An angry Donald Trump on Saturday took to Twitter slamming his political rivals over the worsening Ukraine scandal that has a sword hanging over his head as US Democrats have initiated an impeachment inquiry against him.
The US President posted a 38-second-long video on his official Twitter handle to convey a message that the US “is at stake like never before”.
“They are trying to stop ME, because I am fighting for YOU!” an irate Donald Trump captioned the video tweet.
Donald Trump is facing the risk of impeachment after being accused of calling Ukraine President Volodymyr Zelensky to investigate his political rival Joe Biden, who is contesting the upcoming US Presidential election, and his son.
“What’s going on now is the single-greatest scam in the history of American politics,” Donald Trump said in the video tweet.
They are trying to stop ME, because I am fighting for YOU! pic.twitter.com/xiw4jtjkNl
Donald J. Trump (@realDonaldTrump) September 28, 2019
“The Democrats want to take away your guns, they want to take away your healthcare, they want to take away your vote, they want to take away your freedom, they want to take away your judges, they want to take away everything,” Trump further said while hitting out at the Democrats.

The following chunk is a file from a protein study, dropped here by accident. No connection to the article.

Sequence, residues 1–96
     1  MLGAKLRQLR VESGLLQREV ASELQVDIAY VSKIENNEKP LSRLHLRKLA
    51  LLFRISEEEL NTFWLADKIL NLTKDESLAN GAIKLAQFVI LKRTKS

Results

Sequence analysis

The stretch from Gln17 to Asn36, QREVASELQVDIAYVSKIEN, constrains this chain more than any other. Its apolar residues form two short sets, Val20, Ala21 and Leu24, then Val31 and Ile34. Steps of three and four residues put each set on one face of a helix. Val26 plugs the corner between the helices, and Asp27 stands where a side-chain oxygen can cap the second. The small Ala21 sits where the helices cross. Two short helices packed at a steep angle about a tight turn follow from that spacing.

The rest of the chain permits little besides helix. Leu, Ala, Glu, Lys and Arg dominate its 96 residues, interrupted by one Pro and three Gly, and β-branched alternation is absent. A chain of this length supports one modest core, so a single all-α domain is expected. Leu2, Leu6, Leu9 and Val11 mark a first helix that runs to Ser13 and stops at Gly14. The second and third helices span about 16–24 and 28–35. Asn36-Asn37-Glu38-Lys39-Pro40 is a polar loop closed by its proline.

“We can never let this happen, we’re fighting to drain the swamp. That is exactly what I’m doing. And you see why we have to do it, our county is at stake like never before. It is all very simple, they’re trying to stop me because I’m fighting for you, and I’ll never let that happen,” Donald Trump asserted
Democrats in the US House of Representatives had on September 26 launched a formal impeachment inquiry into Donald Trump, accusing him of seeking foreign help to smear Democratic rival Joe Biden.
The impeachment enquiry could eventually lead to Donald Trump’s removal from office, although that would be a steep task for Democrats. Even if the Democratic-controlled House voted to impeach Trump, the Republican-majority Senate would have to take the next step of removing him from office after a trial. A conviction would require a two-thirds Senate majority.